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Kessler Foundation awarded 6 grants by New Jersey Commission on Brain Injury Research

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Researchers received six grants totaling nearly $2.0 million to investigate novel ways to improve quality of life for individuals with traumatic brain injury and their caregivers

EAST HANOVER, N.J. June 4, 2019 – Kessler scientists received six grants from the New Jersey Commission on Brain Injury Research, totaling nearly $2 million, more than half of the Commission’s 2019 funding of $3.7 million. Denise Krch, PhD, Anthony Lequerica, PhD, and Rakesh Pilkar, PhD, received individual research grants. Vikram Shenoy Handiru, PhD, Erica Weber, PhD, and Glenn Wylie, DPhil, were awarded pilot study grants. Their studies are based on a variety of novel approaches aimed at improving the lives of individuals with traumatic brain injury (TBI) and their caregivers.

Individual research grants address caregiver grief, sleep and learning, and balance dysfunction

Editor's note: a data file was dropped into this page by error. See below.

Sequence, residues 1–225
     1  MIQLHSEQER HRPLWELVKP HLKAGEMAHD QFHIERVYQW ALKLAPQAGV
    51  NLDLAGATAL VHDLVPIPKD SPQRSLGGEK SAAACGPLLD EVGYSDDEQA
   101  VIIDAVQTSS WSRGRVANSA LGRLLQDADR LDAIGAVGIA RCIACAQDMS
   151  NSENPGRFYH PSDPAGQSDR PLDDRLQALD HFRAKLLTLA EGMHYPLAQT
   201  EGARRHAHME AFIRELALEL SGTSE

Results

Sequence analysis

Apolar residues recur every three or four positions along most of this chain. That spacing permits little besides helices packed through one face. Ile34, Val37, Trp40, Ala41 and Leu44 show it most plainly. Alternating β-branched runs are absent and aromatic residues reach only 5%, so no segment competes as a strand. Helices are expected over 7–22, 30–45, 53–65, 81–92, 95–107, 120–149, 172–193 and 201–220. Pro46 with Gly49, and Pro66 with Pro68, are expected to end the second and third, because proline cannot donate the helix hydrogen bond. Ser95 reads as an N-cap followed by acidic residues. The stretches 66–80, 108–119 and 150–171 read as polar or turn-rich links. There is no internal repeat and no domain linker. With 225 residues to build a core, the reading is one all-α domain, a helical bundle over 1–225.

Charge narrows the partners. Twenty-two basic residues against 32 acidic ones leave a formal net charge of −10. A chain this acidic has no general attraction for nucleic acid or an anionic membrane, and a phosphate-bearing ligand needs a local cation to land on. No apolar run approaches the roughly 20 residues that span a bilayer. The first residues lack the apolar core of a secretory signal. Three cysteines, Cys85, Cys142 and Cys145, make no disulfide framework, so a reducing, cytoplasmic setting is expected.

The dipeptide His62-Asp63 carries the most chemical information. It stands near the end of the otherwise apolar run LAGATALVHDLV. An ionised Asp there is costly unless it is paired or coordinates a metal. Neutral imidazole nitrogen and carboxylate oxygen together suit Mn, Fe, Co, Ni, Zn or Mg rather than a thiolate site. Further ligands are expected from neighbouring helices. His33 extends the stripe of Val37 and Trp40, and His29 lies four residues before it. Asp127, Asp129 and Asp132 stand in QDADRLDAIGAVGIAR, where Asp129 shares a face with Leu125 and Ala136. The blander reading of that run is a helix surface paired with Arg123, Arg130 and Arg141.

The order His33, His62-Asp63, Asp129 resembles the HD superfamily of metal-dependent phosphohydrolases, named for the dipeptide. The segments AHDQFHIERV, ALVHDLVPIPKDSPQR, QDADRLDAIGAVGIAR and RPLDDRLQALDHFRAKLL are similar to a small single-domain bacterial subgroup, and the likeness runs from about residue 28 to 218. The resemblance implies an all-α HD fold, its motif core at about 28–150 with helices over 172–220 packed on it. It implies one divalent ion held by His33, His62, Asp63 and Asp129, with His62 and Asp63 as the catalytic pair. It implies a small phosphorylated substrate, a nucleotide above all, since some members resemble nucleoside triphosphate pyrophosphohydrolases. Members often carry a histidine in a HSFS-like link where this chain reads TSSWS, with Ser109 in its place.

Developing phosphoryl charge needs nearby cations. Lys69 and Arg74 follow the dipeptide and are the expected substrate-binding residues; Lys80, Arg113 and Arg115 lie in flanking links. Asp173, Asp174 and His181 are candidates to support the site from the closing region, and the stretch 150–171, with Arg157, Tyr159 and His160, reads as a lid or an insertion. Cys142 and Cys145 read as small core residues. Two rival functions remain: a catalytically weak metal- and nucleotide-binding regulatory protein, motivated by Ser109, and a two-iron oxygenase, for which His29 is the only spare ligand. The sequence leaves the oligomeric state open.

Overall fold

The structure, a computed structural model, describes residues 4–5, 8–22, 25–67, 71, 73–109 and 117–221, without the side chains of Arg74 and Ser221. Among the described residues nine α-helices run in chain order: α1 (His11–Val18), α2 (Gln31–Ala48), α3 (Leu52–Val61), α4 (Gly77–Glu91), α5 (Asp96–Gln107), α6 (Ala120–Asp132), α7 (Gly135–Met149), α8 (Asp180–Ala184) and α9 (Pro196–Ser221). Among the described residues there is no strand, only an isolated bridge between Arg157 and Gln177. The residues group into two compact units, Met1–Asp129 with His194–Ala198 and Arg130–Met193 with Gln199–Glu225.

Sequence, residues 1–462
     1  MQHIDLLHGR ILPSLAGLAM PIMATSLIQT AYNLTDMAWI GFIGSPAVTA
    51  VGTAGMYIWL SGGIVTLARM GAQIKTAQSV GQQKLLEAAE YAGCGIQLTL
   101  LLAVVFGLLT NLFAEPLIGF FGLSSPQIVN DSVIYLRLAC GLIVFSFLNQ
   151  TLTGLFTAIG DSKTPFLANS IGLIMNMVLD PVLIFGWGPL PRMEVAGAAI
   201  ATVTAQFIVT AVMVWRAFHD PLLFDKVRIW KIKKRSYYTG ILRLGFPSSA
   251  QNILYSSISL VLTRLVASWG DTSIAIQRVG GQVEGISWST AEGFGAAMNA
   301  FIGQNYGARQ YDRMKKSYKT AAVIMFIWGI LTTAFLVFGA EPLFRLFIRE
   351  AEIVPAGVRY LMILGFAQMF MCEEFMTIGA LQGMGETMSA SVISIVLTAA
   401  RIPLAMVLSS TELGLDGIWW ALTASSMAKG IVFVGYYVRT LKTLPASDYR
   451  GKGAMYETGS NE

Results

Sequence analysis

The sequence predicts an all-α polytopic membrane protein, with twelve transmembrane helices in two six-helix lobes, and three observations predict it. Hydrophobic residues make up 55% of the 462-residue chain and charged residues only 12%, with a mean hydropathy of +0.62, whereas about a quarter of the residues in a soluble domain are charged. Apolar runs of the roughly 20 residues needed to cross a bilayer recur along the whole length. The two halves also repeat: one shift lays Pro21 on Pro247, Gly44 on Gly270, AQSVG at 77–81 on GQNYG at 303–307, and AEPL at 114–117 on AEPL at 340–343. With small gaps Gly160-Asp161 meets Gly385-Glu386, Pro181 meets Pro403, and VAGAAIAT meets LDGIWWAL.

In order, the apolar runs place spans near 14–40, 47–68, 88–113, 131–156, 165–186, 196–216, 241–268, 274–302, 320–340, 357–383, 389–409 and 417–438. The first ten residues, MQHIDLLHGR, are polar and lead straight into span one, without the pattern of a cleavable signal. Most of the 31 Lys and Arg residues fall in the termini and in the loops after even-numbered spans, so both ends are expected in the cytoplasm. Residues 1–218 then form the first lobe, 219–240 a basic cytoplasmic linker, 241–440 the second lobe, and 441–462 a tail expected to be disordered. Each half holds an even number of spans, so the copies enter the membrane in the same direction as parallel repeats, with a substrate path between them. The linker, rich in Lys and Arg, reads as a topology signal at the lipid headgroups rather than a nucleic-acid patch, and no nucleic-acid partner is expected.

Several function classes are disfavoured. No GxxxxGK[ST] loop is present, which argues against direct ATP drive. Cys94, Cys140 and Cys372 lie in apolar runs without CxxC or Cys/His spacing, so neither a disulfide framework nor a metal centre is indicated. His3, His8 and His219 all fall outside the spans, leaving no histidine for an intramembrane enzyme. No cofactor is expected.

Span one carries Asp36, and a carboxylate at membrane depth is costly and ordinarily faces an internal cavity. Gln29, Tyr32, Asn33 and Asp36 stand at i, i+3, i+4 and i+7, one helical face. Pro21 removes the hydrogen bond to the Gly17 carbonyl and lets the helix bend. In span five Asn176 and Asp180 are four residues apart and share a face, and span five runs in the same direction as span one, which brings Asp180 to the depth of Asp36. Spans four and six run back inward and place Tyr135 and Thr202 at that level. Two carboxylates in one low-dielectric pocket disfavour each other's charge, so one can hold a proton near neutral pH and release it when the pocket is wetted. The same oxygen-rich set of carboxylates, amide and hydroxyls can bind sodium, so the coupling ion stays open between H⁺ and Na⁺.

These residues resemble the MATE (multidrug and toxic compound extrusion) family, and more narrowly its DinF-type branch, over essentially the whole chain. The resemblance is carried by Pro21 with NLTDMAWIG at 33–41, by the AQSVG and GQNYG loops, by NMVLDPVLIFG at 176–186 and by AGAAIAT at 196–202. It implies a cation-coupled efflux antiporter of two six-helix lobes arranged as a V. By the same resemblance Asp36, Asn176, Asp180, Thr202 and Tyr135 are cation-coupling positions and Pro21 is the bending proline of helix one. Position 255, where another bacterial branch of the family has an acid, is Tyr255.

Dr. Krch, senior research scientist in the Center for Traumatic Brain Injury Research, received a 3-year grant of $490,379 for her study titled, “Life re-entry to improve grief and fear in partner caregivers of individuals with traumatic brain injury.” Partners of people with traumatic brain injury often report feelings of grief and fear as they experience the loss of their former life, face changes in their relationship as they take on a caregiver role, and juggle multiple new responsibilities. Dr. Krch will examine the potential benefits of a 6-week web-based grief counseling program in a randomized trial of 92 partner caregivers. Participants will be randomly assigned to either the grief program or an education series about health and function in people with traumatic brain injury. The two online options differ only in the content of the classes. “This online grief program may have advantages over traditional support groups,” said Dr. Krch. “Our goal is to identify optimal ways to empower partner caregivers with the strategies and skills they need to support their loved ones, and move forward with the business of living.”